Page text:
”She loved Kurt Vonnegut and often quoted him. ‘Peculiar travel suggestions are like dancing lessons from God,’ she would say, perhaps dreaming of digs in distant countries, though her favorite was from The Sirens of Titans: ‘I was a victim of a series of accidents, as are we all.’”

Jane Britton was murdered in her Harvard apartment in January 1969. The circumstances were odd: her next door neighbors heard nothing; she was found on the bed with her head bashed, rugs thrown over her, a stone grave
Oct 30, 2020 rated it really liked it
Shelves: true-crime
I fell in love with Jane, the protagonist of this real-life mystery. I identified with her, and she reminded of me of many women I know: gifted and hurt, self-destructive and brilliant, loving and alluring, and so alive.

The end of her story takes place at Harvard graduate school for archeology. In order to tell it, Becky, the author – and a sometimes character in the book – has to unearth the power dynamics and sexism of this old world institution, while experiencing her own version of these as
Elyse  Walters
read by the author ( ha, of course I think )
After ten years researching the life & murder of Jane Britton, (the archeology dept. and the institute of Harvard itself), no way would Becky Cooper let it fall into the hands of another voice narrator.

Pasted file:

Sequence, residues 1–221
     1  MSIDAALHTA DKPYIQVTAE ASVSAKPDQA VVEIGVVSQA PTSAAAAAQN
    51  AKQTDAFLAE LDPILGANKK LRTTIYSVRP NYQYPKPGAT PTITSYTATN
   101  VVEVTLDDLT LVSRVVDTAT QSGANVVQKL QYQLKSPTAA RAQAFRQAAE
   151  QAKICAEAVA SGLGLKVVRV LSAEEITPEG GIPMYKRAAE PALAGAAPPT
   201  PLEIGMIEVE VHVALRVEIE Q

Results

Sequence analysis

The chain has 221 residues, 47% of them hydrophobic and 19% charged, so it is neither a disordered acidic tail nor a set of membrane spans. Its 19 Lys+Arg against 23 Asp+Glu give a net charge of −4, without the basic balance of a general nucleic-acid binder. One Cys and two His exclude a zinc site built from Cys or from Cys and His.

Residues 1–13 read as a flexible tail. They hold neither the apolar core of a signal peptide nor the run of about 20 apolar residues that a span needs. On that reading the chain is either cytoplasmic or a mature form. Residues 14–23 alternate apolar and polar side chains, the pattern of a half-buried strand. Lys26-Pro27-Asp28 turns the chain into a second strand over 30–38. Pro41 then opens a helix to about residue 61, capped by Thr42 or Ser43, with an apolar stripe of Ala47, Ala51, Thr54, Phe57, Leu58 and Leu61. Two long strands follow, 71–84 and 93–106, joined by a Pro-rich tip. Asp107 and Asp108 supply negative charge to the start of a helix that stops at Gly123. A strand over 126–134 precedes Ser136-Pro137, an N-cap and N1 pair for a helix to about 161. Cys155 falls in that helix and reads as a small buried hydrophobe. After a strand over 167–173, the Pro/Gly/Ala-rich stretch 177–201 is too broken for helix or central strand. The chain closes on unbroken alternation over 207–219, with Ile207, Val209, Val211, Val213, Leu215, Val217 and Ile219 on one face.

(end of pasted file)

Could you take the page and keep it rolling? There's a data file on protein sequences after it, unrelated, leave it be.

The investigation of the numerous characters became tedious. Lots of rambling narratives.
...Hours and days of audiobook listening —
I felt the ‘hooked’ elements- for awhile - but then my god....
I kept saying to myself — “this author is ob
Jan 11, 2021 marked it as dnf
Dnf. I enjoy true crime so went in expecting a straightforward case but instead the narrative is a lot about the author, sexism, and the culture in elite academia. Which is fine, but the title led me to expect something else entirely.

Also, the case was eventually solved using DNA technology, making the majority of the author’s “investigation” irrelevant.
Apr 17, 2021 rated it did not like it  ·  review of another edition
Shelves: dnf, reviewed
DNF 49% and I read way past where I wish I had and more than enough to write a fair review.

In 1969 Jane Britton, a Ph.D. candidate in archeology at Radcliffe -- but her coursework and expeditions were at Harvard because the two schools had not yet merged -- was murdered violently in student housing. Her body, which was discovered after she didn't show up for an exam crucial to staying in the Ph.D. program, appeared to be posed in a ritualistic manner.

"...the culture of murder fan-girling made m
Jessica Woodbury